It’s not where Helge Naesgaard usually spends the night, but he’s taken to sleeping on the floor of his store for the past three weeks.

It’s a way to try to make sure thieves stay away.

“We’d seen some bad characters coming through here and we thought they might attempt to break in,” said Naesgaard.

He has a reason for concern. The store has been targeted in the past.

But despite sleeping in the store, the thieves still arrived recently then pulled down a fence.

“And they loaded up their truck with pots and it’s a little difficult to say how many they took,” said Naesgaard.

Then they allegedly came into the store through an unlocked door and while Naesgaard slept just steps away, they stole two computers.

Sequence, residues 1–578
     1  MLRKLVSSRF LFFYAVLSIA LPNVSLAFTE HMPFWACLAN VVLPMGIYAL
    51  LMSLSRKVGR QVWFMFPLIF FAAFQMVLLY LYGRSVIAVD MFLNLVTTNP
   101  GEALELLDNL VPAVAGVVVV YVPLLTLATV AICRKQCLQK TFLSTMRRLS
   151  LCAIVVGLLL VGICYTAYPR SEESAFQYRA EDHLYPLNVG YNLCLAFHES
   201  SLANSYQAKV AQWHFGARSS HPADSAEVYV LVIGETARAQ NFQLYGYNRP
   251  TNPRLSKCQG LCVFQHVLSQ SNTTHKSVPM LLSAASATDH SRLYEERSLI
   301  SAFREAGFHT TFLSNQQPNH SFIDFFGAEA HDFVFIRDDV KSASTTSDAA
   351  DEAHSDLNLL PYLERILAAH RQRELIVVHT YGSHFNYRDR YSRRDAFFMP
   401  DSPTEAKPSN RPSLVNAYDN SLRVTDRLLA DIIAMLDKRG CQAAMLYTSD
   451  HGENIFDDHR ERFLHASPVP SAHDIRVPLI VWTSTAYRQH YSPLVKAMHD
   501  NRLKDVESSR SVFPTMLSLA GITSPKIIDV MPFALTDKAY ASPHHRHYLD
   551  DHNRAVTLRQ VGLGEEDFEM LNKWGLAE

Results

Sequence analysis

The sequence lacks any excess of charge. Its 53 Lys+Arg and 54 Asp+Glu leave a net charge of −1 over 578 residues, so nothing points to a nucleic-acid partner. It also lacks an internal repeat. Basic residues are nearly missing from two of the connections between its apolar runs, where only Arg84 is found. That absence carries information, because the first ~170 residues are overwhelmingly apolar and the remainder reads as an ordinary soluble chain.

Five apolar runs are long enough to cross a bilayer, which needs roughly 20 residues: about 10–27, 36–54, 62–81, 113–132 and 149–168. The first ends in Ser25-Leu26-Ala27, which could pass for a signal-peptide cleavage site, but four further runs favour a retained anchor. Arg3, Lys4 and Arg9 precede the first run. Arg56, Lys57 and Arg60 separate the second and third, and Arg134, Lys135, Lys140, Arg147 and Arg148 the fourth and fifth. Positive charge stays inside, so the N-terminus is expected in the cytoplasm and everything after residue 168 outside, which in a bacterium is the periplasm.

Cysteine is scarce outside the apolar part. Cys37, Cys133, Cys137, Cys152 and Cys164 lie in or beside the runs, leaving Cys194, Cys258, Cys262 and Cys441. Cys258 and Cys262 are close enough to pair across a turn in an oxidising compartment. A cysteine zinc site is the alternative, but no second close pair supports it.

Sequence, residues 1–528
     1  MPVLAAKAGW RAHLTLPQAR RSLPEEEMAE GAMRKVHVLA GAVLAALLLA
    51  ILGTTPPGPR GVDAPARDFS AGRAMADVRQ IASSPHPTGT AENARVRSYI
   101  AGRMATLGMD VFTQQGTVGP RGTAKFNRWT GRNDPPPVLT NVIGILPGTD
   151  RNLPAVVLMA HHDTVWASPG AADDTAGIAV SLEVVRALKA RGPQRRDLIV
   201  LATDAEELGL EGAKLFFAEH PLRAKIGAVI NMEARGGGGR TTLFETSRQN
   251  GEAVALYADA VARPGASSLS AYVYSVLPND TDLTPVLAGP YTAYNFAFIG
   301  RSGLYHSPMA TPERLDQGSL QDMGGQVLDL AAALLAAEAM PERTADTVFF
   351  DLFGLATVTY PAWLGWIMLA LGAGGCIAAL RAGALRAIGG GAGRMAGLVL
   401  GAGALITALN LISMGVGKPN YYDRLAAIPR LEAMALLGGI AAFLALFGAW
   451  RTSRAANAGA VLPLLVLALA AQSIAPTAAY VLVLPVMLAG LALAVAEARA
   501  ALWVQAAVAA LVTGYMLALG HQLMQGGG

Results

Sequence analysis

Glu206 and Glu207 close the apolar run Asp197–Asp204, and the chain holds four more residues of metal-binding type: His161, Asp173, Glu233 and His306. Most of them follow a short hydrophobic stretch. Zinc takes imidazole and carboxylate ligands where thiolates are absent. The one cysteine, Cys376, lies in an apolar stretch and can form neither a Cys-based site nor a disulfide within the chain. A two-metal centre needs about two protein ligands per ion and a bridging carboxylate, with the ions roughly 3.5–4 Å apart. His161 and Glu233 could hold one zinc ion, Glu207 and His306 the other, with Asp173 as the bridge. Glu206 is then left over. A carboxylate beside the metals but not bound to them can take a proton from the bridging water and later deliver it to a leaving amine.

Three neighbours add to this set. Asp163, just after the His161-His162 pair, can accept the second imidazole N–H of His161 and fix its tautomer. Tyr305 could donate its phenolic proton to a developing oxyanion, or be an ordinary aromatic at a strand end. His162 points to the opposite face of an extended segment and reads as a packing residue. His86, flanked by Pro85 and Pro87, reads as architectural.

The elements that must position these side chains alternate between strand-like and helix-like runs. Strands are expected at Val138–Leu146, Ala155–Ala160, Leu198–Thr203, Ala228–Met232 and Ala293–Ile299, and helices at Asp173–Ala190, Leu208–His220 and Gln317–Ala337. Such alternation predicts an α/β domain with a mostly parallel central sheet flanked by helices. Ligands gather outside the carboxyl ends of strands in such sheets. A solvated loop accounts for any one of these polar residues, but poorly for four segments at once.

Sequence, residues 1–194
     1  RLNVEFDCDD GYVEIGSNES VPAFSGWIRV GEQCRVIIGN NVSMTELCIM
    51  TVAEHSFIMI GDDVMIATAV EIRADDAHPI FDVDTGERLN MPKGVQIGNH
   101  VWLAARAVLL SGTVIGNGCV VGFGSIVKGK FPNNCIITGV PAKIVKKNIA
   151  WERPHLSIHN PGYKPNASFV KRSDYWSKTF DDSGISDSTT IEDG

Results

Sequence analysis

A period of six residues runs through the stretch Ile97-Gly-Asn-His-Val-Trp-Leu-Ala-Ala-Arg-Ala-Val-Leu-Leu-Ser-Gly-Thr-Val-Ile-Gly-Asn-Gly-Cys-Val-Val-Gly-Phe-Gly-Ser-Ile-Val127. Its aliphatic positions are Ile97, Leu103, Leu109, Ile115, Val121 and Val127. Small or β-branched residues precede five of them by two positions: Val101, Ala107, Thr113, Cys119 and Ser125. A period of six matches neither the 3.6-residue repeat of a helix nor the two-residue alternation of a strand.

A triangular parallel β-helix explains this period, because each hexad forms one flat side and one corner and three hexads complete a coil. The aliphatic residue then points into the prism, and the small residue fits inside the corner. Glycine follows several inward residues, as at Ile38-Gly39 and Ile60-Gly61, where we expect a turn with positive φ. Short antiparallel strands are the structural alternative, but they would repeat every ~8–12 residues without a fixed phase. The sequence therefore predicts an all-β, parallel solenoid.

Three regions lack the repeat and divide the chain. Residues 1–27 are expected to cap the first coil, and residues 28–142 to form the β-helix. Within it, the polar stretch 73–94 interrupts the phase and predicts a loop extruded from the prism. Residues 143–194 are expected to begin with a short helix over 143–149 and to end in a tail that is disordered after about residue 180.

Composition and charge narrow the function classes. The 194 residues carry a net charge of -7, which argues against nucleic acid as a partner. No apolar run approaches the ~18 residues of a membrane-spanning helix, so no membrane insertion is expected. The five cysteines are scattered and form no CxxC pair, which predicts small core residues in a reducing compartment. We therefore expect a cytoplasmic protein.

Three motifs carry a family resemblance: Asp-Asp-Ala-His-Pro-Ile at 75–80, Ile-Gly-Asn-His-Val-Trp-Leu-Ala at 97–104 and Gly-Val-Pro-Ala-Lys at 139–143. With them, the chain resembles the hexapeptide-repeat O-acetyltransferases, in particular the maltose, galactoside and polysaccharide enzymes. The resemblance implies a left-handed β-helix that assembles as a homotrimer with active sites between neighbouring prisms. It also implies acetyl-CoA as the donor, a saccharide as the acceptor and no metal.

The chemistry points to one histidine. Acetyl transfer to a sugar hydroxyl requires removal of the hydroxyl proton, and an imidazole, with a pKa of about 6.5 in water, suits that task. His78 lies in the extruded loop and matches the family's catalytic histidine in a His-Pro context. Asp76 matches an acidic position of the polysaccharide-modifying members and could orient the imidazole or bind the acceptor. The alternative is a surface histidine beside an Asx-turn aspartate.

“Kind of breaks your heart when you have vandalism or theft.”

And just down the street, a similar story.

A mainland couple who are building a log home said they returned to find their trailer emptied out.

“Took their 42-inch TV and right down to the last piece of toilet paper in the place,” said Gloria Baird, the victim’s sister.

Thieves made off with roughly $5,000 worth of goods that aren’t covered by their insurance.

It nearly made them pack in the project.

“It really made them rethink it,” said Baird. “They thought at one point of just selling the house at the stage it was at and just leaving.”

It appears to be part of a growing problem.

A recent post on social media reads “Is anyone else sensing that our thefts [of] property and vehicle[s] have reached near-epidemic proportions?”

Port Alberni RCMP say the third quarter was the worst it had seen for property crimes in nine years. That includes break-ins, shoplifting, fraud and theft from vehicles.

The detachment is urging people to report crimes and keep an eye out for their neighbours.

And so some are having to stick to drastic measures to try to keep their property safe.

Naesgaard says the store will be his bedroom until he can improve security measures enough to allow him to sleep peacefully elsewhere.

Kendall Hanson